Thursday, October 18, 2007

Western States Open, Game 1 (Rd.3)

As noted below, I was just glad to be in the tournament, having missed the first day with work, family illness etc. Remarkably, I see that I spent 8 minutes on 25. ... Bf6?? (I keep track of the time used on each move for both players. I recommend it). Thankfully, this was the darkness before the dawn!

[Event "Western States Open (B)"]
[Site "Reno, NV"]
[Date "2007.10.13"]
[Round "3"]
[White "Brennan, Tim"]
[Black "Pearson, Robert"]
[Result "1-0"]
[WhiteElo "1711"]
[BlackElo "1607"]
[ECO "B01"]
[Annotator "RLP"]

1. e4 d5 2. exd5 Nf6 3. d4 Nxd5 4. c4 Nb6 5. Nc3 Nc6 6. Be3 g6?! { Better is Bf5 } 7. h3 Bg7 8. Nf3 O-O 9. Be2 e5 10. d5 Ne7 11. Qd2 Nf5 12. O-O { 0-0-0 looks like it would give good attacking chances--Black isn't in position to attack as quickly as White. } Nxe3 13. fxe3 Qe7 14. Kh1 Bd7 { The game is about equal here. } 15. e4 a6 { f5 is the plan--why not do it now? } 16. Rad1 Rad8 17. Qe3 Nc8?! 18. c5 f5 19. Bc4 Kh8 20. Rd2 f4 21. Qf2 g5 { This doesn't lose, but it shows that Black is a little too optimistic. Maybe Bf3. } 22. d6 cxd6 23. Nd5 Qe8 24. Nxg5 Qg6? { cxd5 is still okay for Black. the text move may not lose, but it's based on a faulty tactical idea. } 25. Qh4 Bf6?? { Bh6 offers holding chances, but this loses on the spot--I missed the bishop covering f7. } 26. Nxf6 Rxf6 27. Nf7+ Rxf7 28. Bxf7 Qxf7 29. Qxd8+ Kg7 30. cxd6 Bb5 { Well, I guess it doesn't matter too much but this is pretty silly. } 31. Rc1 f3 32. Rc7 1-0


transformation said...

nice viewer... im still searching for my method therein.

miss you around...

warmest, dk

Douglas L Stewart said...

At a glance 11 Qd2 looked like a ?! move. Fritz seems to think it is okay, but I think it's important to preserve the dark squared bishop. The most interesting move is probably 11 g4. I agree that 12 O-O-O would have been good from a practical sense, although 12 .. c6 is a challenging response.

I think 13 fxe3 was wrong and I'm not a big fan of 14 Kh1. Black has a serious initiative after that. He should have played 14 .. e4 15 Nd4 f5 where Black has a serious positional bind on the position. After 13 Qxe3 f5 14 Rfd1 Qe7 15 Rac1 f4 16 Qd3 Bf5 17 Ne4 Na4 18 Qb3 (it feels like White is walking a tight rope because he is) Nc5 19 Nxc5 Qxc5 20 Nh4 Bd7 21 Bd3 White appears to be fine, but Black keeps it complicated with e4!? 22 Bxe4 Qe7 (attacking 2 pieces) 23 Qxb7 Rac8 24 d6 Qxh4 25 c5 Be6 26 d7 Rcd8 27 Qxc7 f3! 28 Bxf3 Bxd7 29 Rxd7 Rxe7 30 Qxd7 Rxf3 31 gxf3 Qg5+ 32 Kh2 Be5+ 33 f4 Bxf4+ 34 Kh1 Bxc1 35 c6 Qb5 36 Qe6+ Kg7 37 Qe7+ draw. That's a really long line but I struggled to find a safe way off the highway along the way.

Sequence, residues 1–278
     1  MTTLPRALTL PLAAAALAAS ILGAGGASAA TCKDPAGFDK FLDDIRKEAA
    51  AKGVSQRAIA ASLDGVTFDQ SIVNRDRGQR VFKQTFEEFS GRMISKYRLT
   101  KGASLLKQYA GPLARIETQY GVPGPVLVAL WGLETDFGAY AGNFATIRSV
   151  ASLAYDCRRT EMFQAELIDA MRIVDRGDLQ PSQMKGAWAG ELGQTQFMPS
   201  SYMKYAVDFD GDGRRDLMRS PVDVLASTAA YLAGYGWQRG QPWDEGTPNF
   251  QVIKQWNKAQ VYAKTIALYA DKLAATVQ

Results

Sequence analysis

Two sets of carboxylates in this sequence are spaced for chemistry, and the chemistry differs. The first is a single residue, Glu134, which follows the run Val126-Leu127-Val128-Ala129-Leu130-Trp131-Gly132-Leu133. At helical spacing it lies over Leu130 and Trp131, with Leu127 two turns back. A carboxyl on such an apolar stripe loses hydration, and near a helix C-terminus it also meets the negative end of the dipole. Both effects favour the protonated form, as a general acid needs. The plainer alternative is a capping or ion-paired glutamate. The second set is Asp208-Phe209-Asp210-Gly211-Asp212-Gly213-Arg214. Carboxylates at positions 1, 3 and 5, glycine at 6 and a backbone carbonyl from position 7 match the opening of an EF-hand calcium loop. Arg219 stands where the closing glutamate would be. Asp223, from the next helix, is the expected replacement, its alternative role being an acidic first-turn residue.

I think your attack starting with 22 d6 was quite inspired. Black probably could have defended better with 24 .. Qh5 after which 25 Nf3 Bc6 seems to lead to a small White edge.

After 25 .. Bh6 26 Nf7+ looks best, i.e. 26 .. Qxf7 27 Qxh6 Qg7 28 Qxg7+ Kxg7 29 b4 where I think you have a nice edge in the endgame.

It's definitely a game defined by your pretty 22 d6 move.

Wahrheit said...

Douglas, thanks so much for once again providing expert analysis--the only thing I'd add is that it is my opponent's inspired 22. d6...I'm Black in this game. I should have seen 14. ... e4! followed by f5, at least in the analysis. It's a natural move gaining space and time and striking into the opponent's territory.

Douglas L Stewart said...

Oops... details details. :-)

Wish me luck, our State Championship is this weekend! My 2002 Expert rating is on the line of course as well.